Larisa Latynina (Gymnast/Olympic Medalist)
She holds 18 total medals, second most won by a competitor in any sport at the Olympics.
Latynina held the record for most Olympic medals overall for many decades before being surpassed by US swimmer Michael Phelps in 2012. She was responsible for establishing the Soviet Union as the dominant force in gymnastics.
She also holds the record for most individual medals (14 outside of team events) in Olympic history.
Born Larisa Semyonovna Diriy she first practiced ballet, but turned to gymnastics after her choreographer moved out of town. She graduated from high school in 1953 and moved to Kiev to attend the Lenin Polytechnic Institute and continue training. There Latynina trained at the Burevestnik Voluntary Sports Society.
At the age of 19, she debuted internationally at the 1954 Rome World Championships, winning the gold medal in the team competition.
At the 1956 Summer Olympics, she competed with Ágnes Keleti of Hungary to become the most successful gymnast of the Olympics. Latynina beat Keleti in the all-around event, and the Soviet team also won the team event. In the event finals, Latynina won gold medals on the floor (shared with Keleti) and vault, a silver medal on the uneven bars, and a bronze medal in the now discontinued team event with portable apparatus. Keleti also won six medals: four golds and two silvers.
After a very successful World Championships in 1958 (winning five out of six titles despite competing whilst four months pregnant), Latynina was the favorite for the 1960 Summer Olympics in Rome. In the all-around event she led the Soviet Union to take the first four places, thereby also securing a win in the team competition by a margin of nine points. Latynina also successfully defended her floor title, took silver medals in the balance beam and uneven bars events, and bronze in the vault competition.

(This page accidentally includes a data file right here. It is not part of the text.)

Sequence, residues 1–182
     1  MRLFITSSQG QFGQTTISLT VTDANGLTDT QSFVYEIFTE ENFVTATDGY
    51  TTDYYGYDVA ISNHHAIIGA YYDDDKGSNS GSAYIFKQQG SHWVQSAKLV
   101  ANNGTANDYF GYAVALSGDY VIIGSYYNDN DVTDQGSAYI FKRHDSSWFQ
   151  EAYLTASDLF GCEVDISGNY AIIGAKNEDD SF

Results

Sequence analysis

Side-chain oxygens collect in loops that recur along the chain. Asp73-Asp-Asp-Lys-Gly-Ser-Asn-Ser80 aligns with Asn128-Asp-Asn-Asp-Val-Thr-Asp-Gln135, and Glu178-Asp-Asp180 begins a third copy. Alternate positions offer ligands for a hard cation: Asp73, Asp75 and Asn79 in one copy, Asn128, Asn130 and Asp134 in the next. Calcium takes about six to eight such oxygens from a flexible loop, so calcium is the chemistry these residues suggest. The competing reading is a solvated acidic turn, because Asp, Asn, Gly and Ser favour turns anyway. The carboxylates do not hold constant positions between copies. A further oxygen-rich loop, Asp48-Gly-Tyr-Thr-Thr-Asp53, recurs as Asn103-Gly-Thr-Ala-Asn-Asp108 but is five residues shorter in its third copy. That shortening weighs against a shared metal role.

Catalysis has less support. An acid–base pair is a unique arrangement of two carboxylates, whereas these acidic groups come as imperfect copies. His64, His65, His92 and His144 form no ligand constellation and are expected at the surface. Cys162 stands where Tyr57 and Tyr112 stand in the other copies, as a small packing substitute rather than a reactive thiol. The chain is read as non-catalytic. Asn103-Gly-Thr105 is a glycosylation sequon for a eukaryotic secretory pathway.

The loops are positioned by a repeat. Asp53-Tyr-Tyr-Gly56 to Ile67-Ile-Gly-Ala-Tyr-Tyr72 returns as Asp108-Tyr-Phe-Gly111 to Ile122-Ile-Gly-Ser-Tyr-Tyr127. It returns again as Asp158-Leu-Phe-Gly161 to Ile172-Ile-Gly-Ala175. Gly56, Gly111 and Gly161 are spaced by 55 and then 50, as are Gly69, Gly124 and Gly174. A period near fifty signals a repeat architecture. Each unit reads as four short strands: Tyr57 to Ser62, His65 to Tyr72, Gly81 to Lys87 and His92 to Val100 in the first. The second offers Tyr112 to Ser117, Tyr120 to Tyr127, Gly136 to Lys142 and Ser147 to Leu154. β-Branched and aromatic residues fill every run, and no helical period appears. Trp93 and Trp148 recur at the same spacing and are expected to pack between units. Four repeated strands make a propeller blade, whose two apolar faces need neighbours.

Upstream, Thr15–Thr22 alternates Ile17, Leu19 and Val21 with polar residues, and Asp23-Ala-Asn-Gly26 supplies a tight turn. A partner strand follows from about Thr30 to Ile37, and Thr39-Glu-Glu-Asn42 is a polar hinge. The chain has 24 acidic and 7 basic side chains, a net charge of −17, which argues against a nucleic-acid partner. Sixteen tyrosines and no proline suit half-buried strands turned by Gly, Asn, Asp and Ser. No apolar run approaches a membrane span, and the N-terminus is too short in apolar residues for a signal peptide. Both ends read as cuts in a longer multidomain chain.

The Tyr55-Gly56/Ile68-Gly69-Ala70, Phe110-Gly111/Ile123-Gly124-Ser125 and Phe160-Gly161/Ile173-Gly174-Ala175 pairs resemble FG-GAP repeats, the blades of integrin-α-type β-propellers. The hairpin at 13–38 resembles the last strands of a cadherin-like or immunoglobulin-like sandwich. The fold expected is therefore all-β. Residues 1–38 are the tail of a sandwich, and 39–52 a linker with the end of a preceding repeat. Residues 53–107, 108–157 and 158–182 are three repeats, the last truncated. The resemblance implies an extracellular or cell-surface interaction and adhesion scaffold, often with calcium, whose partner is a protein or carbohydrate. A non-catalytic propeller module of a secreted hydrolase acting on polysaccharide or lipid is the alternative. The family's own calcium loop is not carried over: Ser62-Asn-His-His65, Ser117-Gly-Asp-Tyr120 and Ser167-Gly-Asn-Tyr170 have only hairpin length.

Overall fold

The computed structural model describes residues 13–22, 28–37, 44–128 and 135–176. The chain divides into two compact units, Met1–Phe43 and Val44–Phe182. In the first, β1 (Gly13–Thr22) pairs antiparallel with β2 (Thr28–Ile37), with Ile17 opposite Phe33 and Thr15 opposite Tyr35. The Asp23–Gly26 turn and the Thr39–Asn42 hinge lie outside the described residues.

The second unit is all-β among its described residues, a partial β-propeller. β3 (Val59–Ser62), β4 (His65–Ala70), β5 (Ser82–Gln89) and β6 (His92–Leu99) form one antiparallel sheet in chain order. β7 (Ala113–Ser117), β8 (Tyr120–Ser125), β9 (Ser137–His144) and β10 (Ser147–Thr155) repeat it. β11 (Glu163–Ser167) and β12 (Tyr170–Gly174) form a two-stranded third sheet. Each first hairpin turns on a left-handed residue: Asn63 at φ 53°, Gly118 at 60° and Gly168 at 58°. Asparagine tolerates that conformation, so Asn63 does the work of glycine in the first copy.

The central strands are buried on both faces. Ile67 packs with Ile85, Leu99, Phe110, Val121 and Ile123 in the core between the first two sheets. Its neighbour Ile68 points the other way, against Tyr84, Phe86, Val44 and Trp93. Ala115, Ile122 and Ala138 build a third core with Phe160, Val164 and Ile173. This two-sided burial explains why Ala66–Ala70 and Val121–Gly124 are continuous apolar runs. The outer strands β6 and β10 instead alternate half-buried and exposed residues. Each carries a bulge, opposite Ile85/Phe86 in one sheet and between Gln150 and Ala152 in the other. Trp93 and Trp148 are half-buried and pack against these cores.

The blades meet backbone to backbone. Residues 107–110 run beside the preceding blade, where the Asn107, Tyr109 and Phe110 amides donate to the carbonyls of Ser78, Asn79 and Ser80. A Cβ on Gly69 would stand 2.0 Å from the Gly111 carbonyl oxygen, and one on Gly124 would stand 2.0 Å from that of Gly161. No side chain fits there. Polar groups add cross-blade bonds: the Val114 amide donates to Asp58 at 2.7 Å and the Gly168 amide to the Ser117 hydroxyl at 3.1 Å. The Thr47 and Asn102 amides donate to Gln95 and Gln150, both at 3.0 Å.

Latynina won all-around titles at the 1962 World Championships, beating Věra Čáslavská of Czechoslovakia. Still the defending World Champion at the 1964 Summer Olympics, she was beaten by Čáslavská in the all-around competition. Latynina did however add two more gold medals to her tally, winning the team event and the floor event both for the third time in a row. A silver medal and two bronzes in the other apparatus events brought her total of Olympic medals to eighteen — nine gold medals, five silver and four bronze. She won a medal in every event in which she competed, except for the 1956 balance beam where she came fourth.
Her nine gold medals makes her second on the list of most Olympic gold medalists together with Mark Spitz, Carl Lewis and Paavo Nurmi, only behind Michael Phelps, who has 15; she held the distinction of having more Olympic gold medals (either individually or with a team) than anybody ever, from 1964 to 2008, until Michael Phelps beat her record. She is the only woman to have won nine gold medals.
She is also the only female athlete who at some point has held the record for most Olympic gold medals.
Additionally, within the sport of gymnastics, she is the only woman who has won an all-around medal in more than two Olympiads and the only woman who has won an individual event (Floor Exercise) in more than two Olympiads (1956, 1960, and 1964 for both of those accomplishments), one of only three women who have won every individual event at either the world or olympic level in every individual event, and she holds many other such distinguishing records.
Latynina retired after the 1966 World Championships and became a coach for the Soviet national gymnastics team, a position she held until 1977. Under her the Soviet women won team gold in the 1968, 1972 and 1976 Olympics.
She organized the gymnastics competition at the 1980 Olympic Games in Moscow, and around the year 2000 appeared in the "Soviet Sports Wars" episode of the PBS documentary The Red Files, discussing her experiences as a gymnast and Soviet coach.
She is a citizen of Russia, and lives in her estate near the town Semenovskoye, Moscow region.
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